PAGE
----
Tag Archives: red flags

Pretty. Little. Liar.

“Because there are enough lies in life, 

so you better be in control of your own fiction.” 

“But I didn’t know that I loved her!  Not after she left!”

The night before, this man had challenged me to a writerly duel:  to commemorate a story of a woman whose departure he regretted the most, in his life.  He slouched on a high chair outside of a club filled with pretty honeys galore.  With his black, dense Persian hair in a cloud from his own cigarette, he hung that head low, frowned, avoiding my eyes, and confessed his loss of that one woman — the one that every man must have in order to become a man; the one that has changed his heart, for good — for the better! 

The following day, after my words had been published, he rang me up immediately, to justify his truth.  He must’ve sobered up a bit:

“You wrote that I loved her!” he objected to my story, seemingly irritated.

“Didn’t you?”

“I mean, well, I did.  I did!  I did, but I didn’t know I did.  I didn’t know I did until, you know, she left me.”

Oh, c’mon!  Don’t give me this shit!

It was my turn to be irritated.  The truth, in actuality, was a lot more brutal than I made it sound:  “A first lesson in the fragility of love and the preternatural cowardice of men” (Junot Diaz, The Brief Wondrous Life of Oscar Wao).  In my writing, I had been forgiving to his one crucial fault, never calling him any low name, never scolding for the lapse of his better nature.  Yes, I would side with the woman — that one, that good one, like me! — that has changed his heart for the better.  For good!  On behalf of her truth, I had written that day’s rant blog; even though she had left long ago, in pursuit of an even better truth.  On behalf on her truth and of my own, I’d spoken — because I too had just left a man that “did and did, and didn’t know, didn’t know he did”.  Fuck you, I thought:  It’s MY fiction!

“But you wrote he was all that — ‘holding his own’,” another reader — my brother who’d always changed me for good, for the better — was saying soon after my own break-up.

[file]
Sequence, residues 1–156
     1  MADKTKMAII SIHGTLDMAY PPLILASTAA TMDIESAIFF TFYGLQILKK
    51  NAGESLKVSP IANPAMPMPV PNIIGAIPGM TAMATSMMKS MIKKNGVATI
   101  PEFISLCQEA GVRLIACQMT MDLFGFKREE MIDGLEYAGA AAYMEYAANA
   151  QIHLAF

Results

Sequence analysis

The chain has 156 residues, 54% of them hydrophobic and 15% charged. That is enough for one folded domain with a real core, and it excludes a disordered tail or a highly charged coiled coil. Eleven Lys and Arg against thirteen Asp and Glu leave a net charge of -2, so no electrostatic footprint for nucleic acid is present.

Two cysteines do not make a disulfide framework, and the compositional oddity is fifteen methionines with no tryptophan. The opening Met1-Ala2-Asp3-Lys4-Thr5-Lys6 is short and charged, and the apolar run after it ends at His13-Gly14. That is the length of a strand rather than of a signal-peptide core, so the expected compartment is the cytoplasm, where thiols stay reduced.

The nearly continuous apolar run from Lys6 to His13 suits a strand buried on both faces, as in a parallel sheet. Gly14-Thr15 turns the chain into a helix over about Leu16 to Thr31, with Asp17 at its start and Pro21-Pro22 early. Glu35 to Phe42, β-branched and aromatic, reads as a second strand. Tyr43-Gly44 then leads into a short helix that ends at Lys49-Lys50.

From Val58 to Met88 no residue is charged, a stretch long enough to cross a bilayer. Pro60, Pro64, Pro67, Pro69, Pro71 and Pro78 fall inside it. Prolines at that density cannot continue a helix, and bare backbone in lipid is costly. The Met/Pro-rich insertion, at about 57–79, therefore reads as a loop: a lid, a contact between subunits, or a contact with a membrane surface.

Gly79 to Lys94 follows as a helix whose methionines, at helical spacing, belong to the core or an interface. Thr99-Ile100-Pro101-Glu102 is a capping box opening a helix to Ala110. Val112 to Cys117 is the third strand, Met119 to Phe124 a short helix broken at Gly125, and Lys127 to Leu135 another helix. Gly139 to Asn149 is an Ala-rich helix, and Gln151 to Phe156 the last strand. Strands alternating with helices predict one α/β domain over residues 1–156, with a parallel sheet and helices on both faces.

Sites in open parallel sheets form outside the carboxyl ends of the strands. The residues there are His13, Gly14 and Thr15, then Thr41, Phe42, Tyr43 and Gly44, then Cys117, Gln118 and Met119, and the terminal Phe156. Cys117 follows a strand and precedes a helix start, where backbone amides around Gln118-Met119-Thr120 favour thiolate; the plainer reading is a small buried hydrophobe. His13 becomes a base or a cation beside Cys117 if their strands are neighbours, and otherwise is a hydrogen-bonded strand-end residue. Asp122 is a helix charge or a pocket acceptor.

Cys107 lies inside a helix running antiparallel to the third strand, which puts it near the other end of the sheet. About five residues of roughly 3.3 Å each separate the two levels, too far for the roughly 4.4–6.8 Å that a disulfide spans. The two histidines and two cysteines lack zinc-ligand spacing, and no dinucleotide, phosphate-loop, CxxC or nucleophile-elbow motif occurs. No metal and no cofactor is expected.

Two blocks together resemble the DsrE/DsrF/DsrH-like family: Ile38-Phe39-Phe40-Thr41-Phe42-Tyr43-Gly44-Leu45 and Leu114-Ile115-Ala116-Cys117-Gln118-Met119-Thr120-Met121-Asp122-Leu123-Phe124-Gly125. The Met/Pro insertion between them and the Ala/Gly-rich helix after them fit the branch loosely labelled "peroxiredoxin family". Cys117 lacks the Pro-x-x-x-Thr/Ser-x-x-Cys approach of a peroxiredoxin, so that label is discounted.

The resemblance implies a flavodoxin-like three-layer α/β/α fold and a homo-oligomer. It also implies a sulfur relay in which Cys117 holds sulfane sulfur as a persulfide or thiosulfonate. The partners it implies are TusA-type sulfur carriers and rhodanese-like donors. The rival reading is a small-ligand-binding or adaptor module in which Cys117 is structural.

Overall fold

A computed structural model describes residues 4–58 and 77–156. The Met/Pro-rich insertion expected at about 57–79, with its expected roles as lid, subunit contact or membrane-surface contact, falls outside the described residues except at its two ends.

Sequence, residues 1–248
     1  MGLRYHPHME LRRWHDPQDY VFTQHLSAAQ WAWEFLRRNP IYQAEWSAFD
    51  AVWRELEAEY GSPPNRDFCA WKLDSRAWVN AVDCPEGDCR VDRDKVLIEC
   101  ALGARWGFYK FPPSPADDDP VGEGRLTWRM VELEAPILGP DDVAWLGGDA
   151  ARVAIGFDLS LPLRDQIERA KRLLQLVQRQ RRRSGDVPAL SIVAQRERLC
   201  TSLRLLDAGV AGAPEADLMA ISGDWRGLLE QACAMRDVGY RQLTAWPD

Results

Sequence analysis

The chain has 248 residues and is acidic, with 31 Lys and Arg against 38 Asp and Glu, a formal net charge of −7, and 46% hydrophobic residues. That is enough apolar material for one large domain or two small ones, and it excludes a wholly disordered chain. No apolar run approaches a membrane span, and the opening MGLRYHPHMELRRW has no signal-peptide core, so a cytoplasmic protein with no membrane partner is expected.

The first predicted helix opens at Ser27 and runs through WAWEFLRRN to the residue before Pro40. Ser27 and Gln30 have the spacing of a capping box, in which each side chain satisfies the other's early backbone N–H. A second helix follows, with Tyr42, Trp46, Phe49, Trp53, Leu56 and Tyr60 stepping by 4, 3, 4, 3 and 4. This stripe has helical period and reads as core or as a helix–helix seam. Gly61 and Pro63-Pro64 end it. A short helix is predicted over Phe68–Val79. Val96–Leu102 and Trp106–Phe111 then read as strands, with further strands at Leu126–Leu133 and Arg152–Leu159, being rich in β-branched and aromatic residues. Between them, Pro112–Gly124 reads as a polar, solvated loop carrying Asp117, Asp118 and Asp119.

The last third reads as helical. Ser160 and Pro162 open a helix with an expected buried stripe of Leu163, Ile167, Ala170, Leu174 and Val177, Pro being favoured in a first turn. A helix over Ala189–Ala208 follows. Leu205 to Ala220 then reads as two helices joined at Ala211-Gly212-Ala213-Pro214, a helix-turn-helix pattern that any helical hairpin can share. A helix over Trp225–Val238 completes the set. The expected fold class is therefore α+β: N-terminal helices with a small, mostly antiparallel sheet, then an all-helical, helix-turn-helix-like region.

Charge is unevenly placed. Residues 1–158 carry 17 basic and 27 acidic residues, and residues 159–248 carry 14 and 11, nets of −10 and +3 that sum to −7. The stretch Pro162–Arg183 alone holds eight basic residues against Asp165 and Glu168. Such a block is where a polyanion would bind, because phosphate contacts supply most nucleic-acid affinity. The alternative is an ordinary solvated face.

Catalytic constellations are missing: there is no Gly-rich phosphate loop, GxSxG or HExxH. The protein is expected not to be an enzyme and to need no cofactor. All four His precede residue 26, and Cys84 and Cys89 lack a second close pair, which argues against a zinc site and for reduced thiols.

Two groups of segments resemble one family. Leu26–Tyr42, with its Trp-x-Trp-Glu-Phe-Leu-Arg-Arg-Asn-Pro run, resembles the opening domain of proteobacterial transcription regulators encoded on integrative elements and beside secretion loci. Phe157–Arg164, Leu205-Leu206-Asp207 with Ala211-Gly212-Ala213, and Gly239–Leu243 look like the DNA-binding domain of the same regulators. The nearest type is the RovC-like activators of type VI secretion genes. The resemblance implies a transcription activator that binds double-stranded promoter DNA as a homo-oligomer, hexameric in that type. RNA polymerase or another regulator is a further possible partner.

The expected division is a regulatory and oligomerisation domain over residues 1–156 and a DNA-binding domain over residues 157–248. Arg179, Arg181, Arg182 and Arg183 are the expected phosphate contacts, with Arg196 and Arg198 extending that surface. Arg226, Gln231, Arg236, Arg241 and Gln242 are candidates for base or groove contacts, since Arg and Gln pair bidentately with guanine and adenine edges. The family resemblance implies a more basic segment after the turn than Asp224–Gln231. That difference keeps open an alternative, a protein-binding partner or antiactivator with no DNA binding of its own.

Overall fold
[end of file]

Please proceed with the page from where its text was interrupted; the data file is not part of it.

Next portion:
I had rung him voluntarily, for some truth; because I had been digging around for it, desperately.  Perhaps he would know, I thought, what had gone wrong in my love, before I left it.  Perhaps, he could’ve seen the signs while its truth was still happening.

“Well, truthfully,” my brother confessed, “he didn’t.  He did NOT ‘hold his own’.”

Brutal.

But fuck you, I thought:  My lover was MY fiction.  How else was I supposed to be in love — but all in, despite the other player’s truths, more obvious to others than to me?  Yes, we all do this:  We fall in love with the wrong people, ignore the signs, go out on the limb and lose ourselves; only to go scrambling for truth later.  And yes, I had done it again — for love, for good.  For the better. 

Sometimes, the choice is clear:  To alter the truth to fit the story.  Other times, the split between truth and actuality is not even visible.  Because the truth — is a matter of an experience.  It’s an opinion.  Because no artist creates for the sake of THE truth — we create for the sake of OUR truth.  The way we see it, perceive it (and it’s all very specific):  The way.  The truth.  Happens.  To US.

So, last night, when I got inside an elevator with three middle-aged men breathing down my neck — and down my backless dress — I gave jack shit about their truth.  They could’ve been in town and in this fancy hotel for a vacation with their families.  They could’ve been each in the midst of their very happy marriages, with healthy kids in college and their own college sweethearts sleeping dreamily in their beds that they wouldn’t have to make in the morning, for a change.  They could’ve been sweet and clumsy — good men slightly discombobulated by the presence of my brazen sexuality and of that goddamn backless dress.